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Title: Improving relay based cellular networks performance in highly user congested and emergency situations
Author: Mei, Haibo
ISNI:       0000 0004 2721 7103
Awarding Body: Queen Mary, University of London
Current Institution: Queen Mary, University of London
Date of Award: 2012
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Relay based cellular networks (RBCNs) are the technologies that incorporate multi-hop communication into traditional cellular networks. A RBCN can potentially support higher data rates, more stable radio coverage and more dynamic services. In reality, RBCNs still suffer from performance degradation in terms of high user congestion, base station failure and overloading in emergency situations. The focus of this thesis is to explore the potential to improve IEEE802.16j supported RBCN performance in user congestion and emergency situations using adjustments to the RF layer (by antenna adjustments or extensions using multi-hop) and cooperative adjustment algorithms, e.g. based on controlling frequency allocation centrally and using distributed approaches. The first part of this thesis designs and validates network reconfiguration algorithms for RBCN, including a cooperative antenna power control algorithm and a heuristic antenna tilting algorithm. The second part of this thesis investigates centralized and distributed dynamic frequency allocation for higher RBCN frequency efficiency, network resilience, and computation simplicity. It is demonstrated that these benefits mitigate user congestion and base station failure problems significantly. Additionally, interweaving coordinated dynamic frequency allocation and antenna tilting is investigated in order to obtain the benefits of both actions. The third part of this thesis incorporates Delay Tolerate Networking (DTN) technology into RBCN to let users self-organize to connect to functional base station through multi-hops supported by other users. Through the use of DTN, RBCN coverage and performance are improved. This thesis explores the augmentation of DTN routing protocols to let more un-covered users connect to base stations and improve network load balancing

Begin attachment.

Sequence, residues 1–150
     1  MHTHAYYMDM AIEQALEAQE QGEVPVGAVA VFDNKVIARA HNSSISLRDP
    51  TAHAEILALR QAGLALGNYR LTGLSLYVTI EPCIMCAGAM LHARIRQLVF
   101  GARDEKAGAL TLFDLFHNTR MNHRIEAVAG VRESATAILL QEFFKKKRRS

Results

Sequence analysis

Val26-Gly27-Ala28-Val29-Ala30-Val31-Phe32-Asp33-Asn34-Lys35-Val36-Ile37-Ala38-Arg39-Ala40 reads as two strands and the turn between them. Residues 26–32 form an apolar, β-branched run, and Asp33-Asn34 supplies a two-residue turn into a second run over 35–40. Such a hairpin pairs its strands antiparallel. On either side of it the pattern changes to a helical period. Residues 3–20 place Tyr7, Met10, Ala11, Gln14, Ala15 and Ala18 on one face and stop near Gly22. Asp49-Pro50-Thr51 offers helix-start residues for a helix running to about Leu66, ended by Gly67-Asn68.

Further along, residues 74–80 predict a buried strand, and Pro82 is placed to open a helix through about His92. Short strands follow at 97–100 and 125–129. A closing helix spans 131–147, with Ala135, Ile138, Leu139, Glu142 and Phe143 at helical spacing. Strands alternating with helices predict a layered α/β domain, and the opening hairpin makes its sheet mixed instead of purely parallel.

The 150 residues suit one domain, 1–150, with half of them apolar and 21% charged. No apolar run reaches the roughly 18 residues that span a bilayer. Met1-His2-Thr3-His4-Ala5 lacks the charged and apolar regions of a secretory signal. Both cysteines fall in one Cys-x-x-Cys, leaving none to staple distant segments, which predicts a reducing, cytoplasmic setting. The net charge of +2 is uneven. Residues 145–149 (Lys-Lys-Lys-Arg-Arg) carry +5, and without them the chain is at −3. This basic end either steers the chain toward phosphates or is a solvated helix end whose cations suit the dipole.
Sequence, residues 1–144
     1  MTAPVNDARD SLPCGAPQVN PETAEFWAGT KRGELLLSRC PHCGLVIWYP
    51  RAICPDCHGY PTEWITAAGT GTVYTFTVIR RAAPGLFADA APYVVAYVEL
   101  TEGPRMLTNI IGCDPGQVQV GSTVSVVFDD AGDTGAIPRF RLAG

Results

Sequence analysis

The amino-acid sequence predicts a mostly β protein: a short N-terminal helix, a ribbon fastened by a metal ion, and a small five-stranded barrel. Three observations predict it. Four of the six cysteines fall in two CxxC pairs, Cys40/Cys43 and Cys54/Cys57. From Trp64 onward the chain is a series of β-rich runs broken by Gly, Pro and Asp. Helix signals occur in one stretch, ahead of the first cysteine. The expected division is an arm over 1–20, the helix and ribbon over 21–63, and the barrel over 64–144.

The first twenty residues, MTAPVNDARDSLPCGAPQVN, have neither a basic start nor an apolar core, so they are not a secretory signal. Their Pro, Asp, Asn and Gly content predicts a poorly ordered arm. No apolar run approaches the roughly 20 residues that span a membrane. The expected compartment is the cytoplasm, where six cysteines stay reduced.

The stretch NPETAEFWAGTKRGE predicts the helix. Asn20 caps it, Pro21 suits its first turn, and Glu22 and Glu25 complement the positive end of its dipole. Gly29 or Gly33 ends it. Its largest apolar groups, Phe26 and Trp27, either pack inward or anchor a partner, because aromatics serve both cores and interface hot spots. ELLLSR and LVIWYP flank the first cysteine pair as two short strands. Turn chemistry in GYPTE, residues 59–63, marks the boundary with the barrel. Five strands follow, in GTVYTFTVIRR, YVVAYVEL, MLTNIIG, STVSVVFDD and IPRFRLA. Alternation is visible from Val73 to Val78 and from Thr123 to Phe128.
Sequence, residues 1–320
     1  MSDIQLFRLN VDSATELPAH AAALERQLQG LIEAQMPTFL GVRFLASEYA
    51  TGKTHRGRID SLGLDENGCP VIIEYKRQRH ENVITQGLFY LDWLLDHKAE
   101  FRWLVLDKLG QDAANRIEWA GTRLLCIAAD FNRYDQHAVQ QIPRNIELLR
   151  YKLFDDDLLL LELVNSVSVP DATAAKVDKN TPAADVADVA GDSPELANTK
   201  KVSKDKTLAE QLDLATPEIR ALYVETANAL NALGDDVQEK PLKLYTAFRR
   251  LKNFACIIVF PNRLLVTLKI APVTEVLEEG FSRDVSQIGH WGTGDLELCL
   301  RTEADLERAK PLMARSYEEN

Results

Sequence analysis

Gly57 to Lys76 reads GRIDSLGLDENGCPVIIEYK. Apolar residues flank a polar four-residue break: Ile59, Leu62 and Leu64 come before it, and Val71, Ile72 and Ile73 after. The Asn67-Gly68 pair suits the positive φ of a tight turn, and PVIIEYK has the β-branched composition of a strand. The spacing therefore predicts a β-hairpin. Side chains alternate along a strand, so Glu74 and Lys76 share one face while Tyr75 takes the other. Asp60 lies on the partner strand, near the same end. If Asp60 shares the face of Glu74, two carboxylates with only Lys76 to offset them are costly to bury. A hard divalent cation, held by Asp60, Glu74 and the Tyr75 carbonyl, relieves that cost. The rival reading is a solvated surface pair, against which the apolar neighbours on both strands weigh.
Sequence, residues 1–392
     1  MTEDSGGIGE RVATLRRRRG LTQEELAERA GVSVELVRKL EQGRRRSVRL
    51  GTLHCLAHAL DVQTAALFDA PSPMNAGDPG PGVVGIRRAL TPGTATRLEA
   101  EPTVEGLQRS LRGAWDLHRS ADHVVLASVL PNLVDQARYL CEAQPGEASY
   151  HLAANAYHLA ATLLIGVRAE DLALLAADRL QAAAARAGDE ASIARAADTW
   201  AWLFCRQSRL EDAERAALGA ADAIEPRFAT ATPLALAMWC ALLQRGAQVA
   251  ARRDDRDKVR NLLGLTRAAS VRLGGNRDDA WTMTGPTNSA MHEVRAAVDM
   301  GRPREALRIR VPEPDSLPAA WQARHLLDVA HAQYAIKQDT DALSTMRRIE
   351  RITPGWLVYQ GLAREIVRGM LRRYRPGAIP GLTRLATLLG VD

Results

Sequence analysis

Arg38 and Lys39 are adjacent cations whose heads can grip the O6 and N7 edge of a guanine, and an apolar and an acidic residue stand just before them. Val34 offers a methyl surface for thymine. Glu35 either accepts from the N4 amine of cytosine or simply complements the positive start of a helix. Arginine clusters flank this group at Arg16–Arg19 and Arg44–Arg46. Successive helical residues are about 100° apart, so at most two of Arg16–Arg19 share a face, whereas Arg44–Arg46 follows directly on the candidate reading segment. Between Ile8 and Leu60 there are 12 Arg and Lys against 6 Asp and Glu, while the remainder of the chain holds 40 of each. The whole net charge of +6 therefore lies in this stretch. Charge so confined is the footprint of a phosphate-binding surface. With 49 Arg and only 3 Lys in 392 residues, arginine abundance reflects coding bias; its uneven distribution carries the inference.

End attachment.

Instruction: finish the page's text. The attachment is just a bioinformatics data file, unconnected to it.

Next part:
Supervisor: Not available Sponsor: Not available
Qualification Name: Thesis (Ph.D.) Qualification Level: Doctoral
EThOS ID:  DOI: Not available
Keywords: Electronic Engineering